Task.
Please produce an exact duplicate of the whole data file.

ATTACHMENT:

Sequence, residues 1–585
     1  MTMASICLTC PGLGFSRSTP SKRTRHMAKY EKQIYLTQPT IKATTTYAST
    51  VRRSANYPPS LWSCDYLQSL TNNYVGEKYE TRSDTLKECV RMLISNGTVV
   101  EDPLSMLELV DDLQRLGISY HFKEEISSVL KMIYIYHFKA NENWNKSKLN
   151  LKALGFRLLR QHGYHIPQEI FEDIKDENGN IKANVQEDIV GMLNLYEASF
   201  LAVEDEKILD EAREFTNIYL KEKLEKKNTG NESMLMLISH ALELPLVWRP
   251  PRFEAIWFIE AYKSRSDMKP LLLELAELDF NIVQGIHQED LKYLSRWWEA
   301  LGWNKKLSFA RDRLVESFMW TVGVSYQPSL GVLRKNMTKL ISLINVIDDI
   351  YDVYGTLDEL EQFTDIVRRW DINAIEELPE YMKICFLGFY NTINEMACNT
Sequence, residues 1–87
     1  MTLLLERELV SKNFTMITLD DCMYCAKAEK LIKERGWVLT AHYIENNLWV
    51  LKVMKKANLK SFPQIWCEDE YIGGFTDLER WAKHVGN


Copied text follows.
Sequence, residues 1–585
     1  MTMASICLTC PGLGFSRSTP SKRTRHMAKY EKQIYLTQPT IKATTTYAST
    51  VRRSANYPPS LWSCDYLQSL TNNYVGEKYE TRSDTLKECV RMLISNGTVV
   101  EDPLSMLELV DDLQRLGISY HFKEEISSVL KMIYIYHFKA NENWNKSKLN
   151  LKALGFRLLR QHGYHIPQEI FEDIKDENGN IKANVQEDIV GMLNLYEASF
   201  LAVEDEKILD EAREFTNIYL KEKLEKKNTG NESMLMLISH ALELPLVWRP
   251  PRFEAIWFIE AYKSRSDMKP LLLELAELDF NIVQGIHQED LKYLSRWWEA
   301  LGWNKKLSFA RDRLVESFMW TVGVSYQPSL GVLRKNMTKL ISLINVIDDI
   351  YDVYGTLDEL EQFTDIVRRW DINAIEELPE YMKICFLGFY NTINEMACNT
Sequence, residues 1–87
     1  MTLLLERELV SKNFTMITLD DCMYCAKAEK LIKERGWVLT AHYIENNLWV
    51  LKVMKKANLK SFPQIWCEDE YIGGFTDLER WAKHVGN